In Lima, a publication was presented to illustrate the progress made in protecting indigenous people in isolation and initial contact. The achievements include the categorization of three Indigenous reserves zones and their control through the work of 33 protection agents distributed in 14 control and surveillance posts; As well as the approval of protection plans as a management tool. The details were collected in a 24-page publication which was produced by the Ministry of Culture, funded by the Norwegian Agency for Development Cooperation and developed by WWF.
WWF-Chile launched the campaign "Guafo: let´s protect the doorway to the Patagonia" to create a Marine Protected Area in the south of the country
The next International Congress of Marine Protected Areas (IMPAC4), to be held for the first time in Chile in september 2017, will be the key to marine conservation in the country. In this line, WWF Chile launched a campaign to promote the declaration of a Marine Protected Area around Guafo Island, as the first step for a network of Marine Protected Areas in Patagonia, of more than one million hectares. Guafo is the gateway of the blue whales to the inland sea of Chiloé and also houses the world's largest sooty shearwater nesting site. It is also a nesting place for the magellanic penguin as well as the most northern population of South American fur seal.The hub of this network is located in the south of Chiloé and has the Gulf of Corcovado as a key point, since it is a zone of high relevance for the blue whale and humpback whale, among other species.
Partnershipto to preserve Llanos de Moxos, the largest wetlands system in the world
As part of WWF UK´s global partnership with AB InBev, a Belgian multinational beer company, WWF-Bolivia has launched a new alliance with the Bolivian National Brewery (CBN) owned by AB InBev. The aim of this initiative is to improve to water management in sub basins of the Mamoré River watersheds and ecosystems, which feed into the largest wetland complex in the world, the Llanos de Moxos Ramsar Site, in the Bolivian Amazon. The first step in this direction will be an assessment of risk and opportunities related to water.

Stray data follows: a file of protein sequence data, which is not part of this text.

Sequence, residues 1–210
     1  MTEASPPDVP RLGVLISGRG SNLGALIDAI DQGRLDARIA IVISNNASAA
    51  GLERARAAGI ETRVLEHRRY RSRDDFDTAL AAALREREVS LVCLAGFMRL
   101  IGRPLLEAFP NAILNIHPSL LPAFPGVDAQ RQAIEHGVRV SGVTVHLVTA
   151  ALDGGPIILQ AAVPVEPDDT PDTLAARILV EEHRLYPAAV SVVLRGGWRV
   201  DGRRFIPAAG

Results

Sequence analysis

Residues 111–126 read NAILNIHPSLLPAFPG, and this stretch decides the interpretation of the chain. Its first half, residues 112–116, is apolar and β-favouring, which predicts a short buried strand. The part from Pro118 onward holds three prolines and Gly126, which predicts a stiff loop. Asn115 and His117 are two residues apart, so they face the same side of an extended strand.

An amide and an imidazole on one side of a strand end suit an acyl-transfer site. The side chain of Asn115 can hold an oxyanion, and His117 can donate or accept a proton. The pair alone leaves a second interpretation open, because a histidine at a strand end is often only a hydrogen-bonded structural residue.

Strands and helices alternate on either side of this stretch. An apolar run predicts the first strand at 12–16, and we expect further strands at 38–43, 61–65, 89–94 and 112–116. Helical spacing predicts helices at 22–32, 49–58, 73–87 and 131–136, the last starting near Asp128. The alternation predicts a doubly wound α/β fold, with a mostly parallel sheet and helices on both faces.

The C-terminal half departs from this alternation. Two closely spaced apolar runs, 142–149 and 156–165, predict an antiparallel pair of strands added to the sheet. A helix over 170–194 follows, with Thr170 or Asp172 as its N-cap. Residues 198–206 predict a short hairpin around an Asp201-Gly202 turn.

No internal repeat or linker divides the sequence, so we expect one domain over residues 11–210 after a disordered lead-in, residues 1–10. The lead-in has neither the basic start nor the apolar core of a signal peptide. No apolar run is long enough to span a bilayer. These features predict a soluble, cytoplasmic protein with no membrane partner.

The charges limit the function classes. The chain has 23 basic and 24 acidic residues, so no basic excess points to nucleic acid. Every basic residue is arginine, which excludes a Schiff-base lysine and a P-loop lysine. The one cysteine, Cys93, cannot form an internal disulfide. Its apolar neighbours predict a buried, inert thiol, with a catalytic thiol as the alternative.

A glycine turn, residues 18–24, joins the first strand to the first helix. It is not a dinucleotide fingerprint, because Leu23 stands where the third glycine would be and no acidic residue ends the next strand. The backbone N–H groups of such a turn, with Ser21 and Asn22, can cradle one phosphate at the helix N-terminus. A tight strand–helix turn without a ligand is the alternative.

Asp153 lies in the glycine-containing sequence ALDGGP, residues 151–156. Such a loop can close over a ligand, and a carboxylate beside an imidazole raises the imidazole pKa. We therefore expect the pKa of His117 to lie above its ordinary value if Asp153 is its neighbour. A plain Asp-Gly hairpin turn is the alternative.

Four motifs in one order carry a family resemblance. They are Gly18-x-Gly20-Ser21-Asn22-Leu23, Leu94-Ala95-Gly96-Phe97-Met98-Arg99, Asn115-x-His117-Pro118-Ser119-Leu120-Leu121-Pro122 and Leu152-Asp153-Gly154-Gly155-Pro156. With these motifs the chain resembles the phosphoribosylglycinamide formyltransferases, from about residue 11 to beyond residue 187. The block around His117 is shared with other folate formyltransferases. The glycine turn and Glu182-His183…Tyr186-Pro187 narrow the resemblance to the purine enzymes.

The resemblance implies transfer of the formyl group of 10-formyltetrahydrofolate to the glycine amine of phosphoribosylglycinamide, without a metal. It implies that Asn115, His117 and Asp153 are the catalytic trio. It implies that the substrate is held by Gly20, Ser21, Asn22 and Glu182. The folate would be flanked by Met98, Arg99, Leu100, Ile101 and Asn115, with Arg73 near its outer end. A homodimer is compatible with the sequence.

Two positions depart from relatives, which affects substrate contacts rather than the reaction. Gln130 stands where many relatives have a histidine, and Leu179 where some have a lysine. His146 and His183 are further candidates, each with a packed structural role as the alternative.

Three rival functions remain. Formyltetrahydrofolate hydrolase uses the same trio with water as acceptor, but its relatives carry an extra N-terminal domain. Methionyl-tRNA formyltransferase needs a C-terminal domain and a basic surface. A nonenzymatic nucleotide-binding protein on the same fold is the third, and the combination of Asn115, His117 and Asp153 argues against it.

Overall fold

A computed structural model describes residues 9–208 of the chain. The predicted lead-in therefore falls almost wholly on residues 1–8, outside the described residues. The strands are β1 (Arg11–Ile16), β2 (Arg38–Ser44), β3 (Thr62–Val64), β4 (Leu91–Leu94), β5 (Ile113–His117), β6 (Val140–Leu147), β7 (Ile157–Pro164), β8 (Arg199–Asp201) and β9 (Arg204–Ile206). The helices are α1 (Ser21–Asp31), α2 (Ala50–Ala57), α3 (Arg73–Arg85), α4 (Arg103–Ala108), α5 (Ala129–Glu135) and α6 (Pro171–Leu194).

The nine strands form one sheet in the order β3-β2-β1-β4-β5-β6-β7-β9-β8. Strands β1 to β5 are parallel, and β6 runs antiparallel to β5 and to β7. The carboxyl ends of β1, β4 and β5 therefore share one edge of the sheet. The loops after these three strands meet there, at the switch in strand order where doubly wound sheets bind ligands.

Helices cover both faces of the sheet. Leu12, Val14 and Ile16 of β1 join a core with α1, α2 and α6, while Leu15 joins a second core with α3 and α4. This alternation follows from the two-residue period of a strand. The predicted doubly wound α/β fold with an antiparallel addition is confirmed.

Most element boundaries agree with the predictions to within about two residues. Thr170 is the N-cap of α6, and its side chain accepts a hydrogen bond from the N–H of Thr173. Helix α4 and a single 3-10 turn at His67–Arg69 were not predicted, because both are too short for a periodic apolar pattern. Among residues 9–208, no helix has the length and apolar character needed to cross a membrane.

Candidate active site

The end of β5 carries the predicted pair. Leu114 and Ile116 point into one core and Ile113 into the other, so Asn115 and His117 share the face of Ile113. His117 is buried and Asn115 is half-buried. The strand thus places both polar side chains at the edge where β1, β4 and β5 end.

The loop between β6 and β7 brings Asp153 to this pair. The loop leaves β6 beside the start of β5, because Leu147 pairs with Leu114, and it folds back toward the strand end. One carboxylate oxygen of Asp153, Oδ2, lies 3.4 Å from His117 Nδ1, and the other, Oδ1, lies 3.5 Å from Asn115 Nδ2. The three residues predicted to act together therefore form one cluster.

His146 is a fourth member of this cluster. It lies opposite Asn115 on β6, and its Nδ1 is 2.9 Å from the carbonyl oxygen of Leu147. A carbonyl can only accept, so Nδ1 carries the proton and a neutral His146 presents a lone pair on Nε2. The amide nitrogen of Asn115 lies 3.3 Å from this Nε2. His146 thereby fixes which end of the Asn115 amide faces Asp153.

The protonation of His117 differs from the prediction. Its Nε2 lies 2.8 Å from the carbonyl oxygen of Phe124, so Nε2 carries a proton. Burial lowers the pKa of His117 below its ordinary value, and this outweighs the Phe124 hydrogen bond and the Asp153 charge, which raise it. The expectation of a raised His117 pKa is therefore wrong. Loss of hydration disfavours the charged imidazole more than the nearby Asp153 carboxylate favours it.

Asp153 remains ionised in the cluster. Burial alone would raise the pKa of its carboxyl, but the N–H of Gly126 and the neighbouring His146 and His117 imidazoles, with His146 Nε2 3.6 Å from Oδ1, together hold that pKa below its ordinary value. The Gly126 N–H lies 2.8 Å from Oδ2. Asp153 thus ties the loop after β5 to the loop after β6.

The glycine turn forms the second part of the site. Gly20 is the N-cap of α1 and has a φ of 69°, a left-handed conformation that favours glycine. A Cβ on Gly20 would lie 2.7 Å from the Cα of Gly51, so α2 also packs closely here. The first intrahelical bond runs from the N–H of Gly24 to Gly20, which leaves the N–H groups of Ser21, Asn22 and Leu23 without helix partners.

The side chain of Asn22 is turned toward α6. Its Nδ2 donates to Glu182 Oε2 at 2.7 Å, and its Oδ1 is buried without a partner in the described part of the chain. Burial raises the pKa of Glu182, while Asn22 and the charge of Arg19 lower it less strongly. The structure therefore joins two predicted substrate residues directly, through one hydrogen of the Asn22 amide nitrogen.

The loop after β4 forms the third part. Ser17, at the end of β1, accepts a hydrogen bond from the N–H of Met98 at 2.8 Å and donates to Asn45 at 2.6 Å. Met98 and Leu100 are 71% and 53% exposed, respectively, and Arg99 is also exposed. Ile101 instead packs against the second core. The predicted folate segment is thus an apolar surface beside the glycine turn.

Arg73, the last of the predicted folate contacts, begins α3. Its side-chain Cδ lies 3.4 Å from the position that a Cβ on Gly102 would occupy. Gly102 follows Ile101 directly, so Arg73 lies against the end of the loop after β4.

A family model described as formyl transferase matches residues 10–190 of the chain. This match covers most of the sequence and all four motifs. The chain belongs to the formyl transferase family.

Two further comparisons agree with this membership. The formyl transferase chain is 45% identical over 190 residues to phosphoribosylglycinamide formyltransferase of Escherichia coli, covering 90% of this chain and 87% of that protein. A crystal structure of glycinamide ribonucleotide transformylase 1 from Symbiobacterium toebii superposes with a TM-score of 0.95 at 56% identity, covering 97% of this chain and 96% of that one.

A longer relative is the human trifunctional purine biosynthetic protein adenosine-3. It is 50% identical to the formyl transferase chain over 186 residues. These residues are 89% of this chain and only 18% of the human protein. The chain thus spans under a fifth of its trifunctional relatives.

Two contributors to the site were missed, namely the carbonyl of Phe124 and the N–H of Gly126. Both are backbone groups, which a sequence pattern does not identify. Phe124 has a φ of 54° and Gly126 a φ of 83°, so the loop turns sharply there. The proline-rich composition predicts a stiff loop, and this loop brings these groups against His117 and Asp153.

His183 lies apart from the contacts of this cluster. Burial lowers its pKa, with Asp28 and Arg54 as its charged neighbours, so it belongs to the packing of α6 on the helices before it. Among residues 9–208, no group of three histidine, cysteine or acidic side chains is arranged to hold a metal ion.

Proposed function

"Yerba Mate”, a project that benefits rural communities in the Atlantic Forest region of Paraguay
Through the support of the German Federal Ministry of International Economic Cooperation (BMZ) and with the accompanying support of WWF-Germany, more than 400 families in three municipalities in the south of the Alto Paraná district will form part of a project that channels resources from the German government to promote food security and sustainable agriculture through the environmentally friendly production of Yerba Mate.
Political Impact: Working to defend the Argentinean Sea
In recent days the new document "National System of Marine Protected Areas" of the Ministry of Environment and Sustainable Development was presented in Argentina. Vida Silvestre was part of the team that developed this document allowing us to place our vision in an official document and making our position part of the official stance of Argentina. This commitment from the National Government will help us to promote the implementation of the proposals for the Argentinean Sea, which today has only 3% of its area under protection.
First Amazon atlas with climate change focus
How vulnerable is the Amazon to climate change? Why are protected areas the key to meet this global challenge? Where should new areas like these be created? These are just some of the questions answered by the first Amazon Atlas with a climate change approach, which has just been published thanks to the Amazon Vision initiative, with the participation of WWF, FAO, UNEP and IUCN.
CLIMATE & ENERGY
Bonn sets foundation for climate action ahead of COP23
Climate negotiators have kept their focus on the implementation of the Paris Agreement at the mid-year round of UN climate talks in Bonn ending today, setting the course for a substantive outcome at COP23, which will take place in Bonn between 6 and 17 November 2017 and will be hosted by Fiji. This is the first time an island state has led the negotiations. “The Fijian COP Presidency has made a strong impression and is eager to ensure a successful COP.”
CLIMATE & ENERGY
World leaders forge ahead on Paris Agreement despite United States Intent to Withdraw
Six of the world’s largest economies today reaffirmed their support for the Paris Agreement and its continued implementation at a meeting of the G7 in Taormina, Sicily. While the leaders reached consensus on the need to harness economy opportunities and job creation offered by the clean energy transition and to provide support to developing countries, the US deferred announcing its continued endorsement of the Paris climate agreement.
In the media
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Endangered Species Day
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Datos: May 1-31, 2017 (Twitter Analytics; Facebook Statistics)